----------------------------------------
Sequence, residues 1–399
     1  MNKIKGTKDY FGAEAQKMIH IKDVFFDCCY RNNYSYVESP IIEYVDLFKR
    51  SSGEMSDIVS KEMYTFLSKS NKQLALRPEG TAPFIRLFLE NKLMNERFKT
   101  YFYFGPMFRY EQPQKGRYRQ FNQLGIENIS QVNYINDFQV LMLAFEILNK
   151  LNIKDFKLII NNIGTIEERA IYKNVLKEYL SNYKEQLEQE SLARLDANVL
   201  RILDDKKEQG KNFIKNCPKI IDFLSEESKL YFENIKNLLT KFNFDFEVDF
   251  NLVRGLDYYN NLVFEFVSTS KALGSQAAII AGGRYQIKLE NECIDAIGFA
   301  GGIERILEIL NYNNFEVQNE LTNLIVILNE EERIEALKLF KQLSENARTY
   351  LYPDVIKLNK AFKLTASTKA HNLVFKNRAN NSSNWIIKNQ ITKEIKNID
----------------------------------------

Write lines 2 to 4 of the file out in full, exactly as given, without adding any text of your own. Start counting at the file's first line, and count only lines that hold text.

     1  MNKIKGTKDY FGAEAQKMIH IKDVFFDCCY RNNYSYVESP IIEYVDLFKR
    51  SSGEMSDIVS KEMYTFLSKS NKQLALRPEG TAPFIRLFLE NKLMNERFKT
   101  YFYFGPMFRY EQPQKGRYRQ FNQLGIENIS QVNYINDFQV LMLAFEILNK